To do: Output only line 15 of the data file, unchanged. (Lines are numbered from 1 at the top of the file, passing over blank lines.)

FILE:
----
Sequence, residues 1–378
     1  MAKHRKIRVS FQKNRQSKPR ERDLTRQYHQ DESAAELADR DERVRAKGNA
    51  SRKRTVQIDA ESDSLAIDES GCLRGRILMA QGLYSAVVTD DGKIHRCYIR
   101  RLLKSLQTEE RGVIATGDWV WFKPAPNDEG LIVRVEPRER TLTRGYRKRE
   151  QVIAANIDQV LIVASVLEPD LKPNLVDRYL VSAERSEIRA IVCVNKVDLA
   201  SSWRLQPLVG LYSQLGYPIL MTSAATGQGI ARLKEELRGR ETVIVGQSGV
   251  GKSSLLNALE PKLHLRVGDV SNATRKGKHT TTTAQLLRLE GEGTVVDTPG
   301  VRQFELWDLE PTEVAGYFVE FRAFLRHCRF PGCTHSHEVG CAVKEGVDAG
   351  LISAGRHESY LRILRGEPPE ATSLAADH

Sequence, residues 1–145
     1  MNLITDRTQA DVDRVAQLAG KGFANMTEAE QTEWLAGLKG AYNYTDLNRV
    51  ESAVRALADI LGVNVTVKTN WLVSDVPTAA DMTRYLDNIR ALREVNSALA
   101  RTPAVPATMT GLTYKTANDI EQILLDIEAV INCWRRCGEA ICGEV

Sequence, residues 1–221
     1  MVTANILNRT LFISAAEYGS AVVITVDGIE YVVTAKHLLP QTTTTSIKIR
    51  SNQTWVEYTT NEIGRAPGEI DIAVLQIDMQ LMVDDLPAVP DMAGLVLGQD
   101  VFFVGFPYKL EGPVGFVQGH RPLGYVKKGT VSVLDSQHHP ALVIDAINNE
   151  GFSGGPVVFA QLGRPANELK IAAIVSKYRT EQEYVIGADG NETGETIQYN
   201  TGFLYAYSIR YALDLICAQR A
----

     1  MVTANILNRT LFISAAEYGS AVVITVDGIE YVVTAKHLLP QTTTTSIKIR